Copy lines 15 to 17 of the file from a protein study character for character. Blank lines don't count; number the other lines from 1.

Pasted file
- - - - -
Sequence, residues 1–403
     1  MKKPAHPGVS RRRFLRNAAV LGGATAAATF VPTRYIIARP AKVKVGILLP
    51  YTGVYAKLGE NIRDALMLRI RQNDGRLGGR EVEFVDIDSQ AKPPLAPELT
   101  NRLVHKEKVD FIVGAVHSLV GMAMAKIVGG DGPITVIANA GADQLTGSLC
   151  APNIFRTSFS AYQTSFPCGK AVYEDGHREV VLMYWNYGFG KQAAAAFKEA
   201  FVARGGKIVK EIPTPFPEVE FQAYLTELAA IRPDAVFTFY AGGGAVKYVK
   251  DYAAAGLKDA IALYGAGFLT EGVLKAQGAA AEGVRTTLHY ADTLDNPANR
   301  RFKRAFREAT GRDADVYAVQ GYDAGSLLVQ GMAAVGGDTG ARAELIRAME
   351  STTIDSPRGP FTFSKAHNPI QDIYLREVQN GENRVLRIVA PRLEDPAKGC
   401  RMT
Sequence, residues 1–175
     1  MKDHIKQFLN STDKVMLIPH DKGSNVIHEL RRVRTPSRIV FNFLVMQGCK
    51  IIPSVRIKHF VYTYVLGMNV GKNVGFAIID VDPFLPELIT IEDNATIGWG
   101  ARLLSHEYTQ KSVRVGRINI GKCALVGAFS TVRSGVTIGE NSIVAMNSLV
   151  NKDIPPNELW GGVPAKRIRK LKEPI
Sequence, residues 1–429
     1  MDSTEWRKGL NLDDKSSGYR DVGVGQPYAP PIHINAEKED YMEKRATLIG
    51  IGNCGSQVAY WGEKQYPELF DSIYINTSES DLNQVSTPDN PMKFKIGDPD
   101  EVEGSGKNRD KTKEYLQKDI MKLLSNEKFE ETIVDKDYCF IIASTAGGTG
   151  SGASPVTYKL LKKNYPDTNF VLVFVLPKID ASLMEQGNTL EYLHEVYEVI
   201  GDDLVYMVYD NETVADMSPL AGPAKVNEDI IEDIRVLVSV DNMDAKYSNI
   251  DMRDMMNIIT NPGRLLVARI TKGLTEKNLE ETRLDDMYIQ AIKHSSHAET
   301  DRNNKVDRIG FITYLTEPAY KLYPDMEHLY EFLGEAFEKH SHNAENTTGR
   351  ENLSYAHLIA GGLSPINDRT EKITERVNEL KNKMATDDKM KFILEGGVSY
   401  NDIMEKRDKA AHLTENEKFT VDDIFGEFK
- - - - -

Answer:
   151  NKDIPPNELW GGVPAKRIRK LKEPI
Sequence, residues 1–429
     1  MDSTEWRKGL NLDDKSSGYR DVGVGQPYAP PIHINAEKED YMEKRATLIG